|US5135735||Apr 27, 1989||Aug 4, 1992||Mallinckrodt Medical, Inc.||Method of localizing and quantifying regional energy metabolism in a warm-blooded living being and composition therefor|
|US5190744||Mar 9, 1990||Mar 2, 1993||Salutar||Methods for detecting blood perfusion variations by magnetic resonance imaging|
|US5249124||Apr 16, 1991||Sep 28, 1993||Siemens Gammasonics, Inc.||Multi-isotope imaging using energy-weighted acquisition for, e.g., myocardial perfusion studies|
|US5256398||Jan 30, 1992||Oct 26, 1993||Whitby Research, Inc.||Composition for determining viability of tissue|
|US5287273||Mar 23, 1990||Feb 15, 1994||Mount Sinai School Of Medicine||Functional organ images|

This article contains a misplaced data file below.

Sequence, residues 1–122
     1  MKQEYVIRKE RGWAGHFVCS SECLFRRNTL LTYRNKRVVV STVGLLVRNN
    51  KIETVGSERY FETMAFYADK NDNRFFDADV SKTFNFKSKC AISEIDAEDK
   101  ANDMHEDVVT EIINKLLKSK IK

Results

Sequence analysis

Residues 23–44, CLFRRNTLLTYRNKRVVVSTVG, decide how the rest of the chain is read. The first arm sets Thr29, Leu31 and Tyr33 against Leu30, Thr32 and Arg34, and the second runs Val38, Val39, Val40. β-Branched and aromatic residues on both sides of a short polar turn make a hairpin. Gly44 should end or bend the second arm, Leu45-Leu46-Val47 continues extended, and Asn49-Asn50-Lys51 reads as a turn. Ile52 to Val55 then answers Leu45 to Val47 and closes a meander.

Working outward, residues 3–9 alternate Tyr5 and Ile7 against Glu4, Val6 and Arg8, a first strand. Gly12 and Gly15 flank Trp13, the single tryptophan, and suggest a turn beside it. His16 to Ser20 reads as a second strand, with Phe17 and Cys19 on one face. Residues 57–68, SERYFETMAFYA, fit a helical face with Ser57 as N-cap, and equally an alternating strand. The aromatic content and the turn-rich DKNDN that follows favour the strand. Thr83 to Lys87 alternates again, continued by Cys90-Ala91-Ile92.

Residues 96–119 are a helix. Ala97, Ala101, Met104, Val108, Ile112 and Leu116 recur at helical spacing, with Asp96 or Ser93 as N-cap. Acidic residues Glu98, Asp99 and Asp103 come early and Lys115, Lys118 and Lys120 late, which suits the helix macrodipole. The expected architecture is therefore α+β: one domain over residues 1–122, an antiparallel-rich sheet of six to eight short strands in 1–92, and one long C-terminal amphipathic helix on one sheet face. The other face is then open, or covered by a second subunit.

|US5376356||Jul 8, 1991||Dec 27, 1994||Neorx Corporation||Imaging tissue sites of inflammation|
|US5377681||May 13, 1994||Jan 3, 1995||University Of Florida||Method of diagnosing impaired blood flow|
|US5465284||Dec 5, 1990||Nov 7, 1995||University Of Massachusetts Medical Center||System for quantitative radiographic imaging|
|US5494655||Sep 14, 1994||Feb 27, 1996||The Regents Of The University Of California||Methods for detecting blood perfusion variations by magnetic resonance imaging|
|US5590654 *||Dec 28, 1995||Jan 7, 1997||Prince; Martin R.||Method and apparatus for magnetic resonance imaging of arteries using a magnetic resonance contrast agent|
|US5624660||Jun 6, 1995||Apr 29, 1997||The Regents Of The University Of California||Stress response imaging by detection of decreased protein synthesis|
|US5776063 *||Sep 30, 1996||Jul 7, 1998||Molecular Biosystems, Inc.||Analysis of ultrasound images in the presence of contrast agent|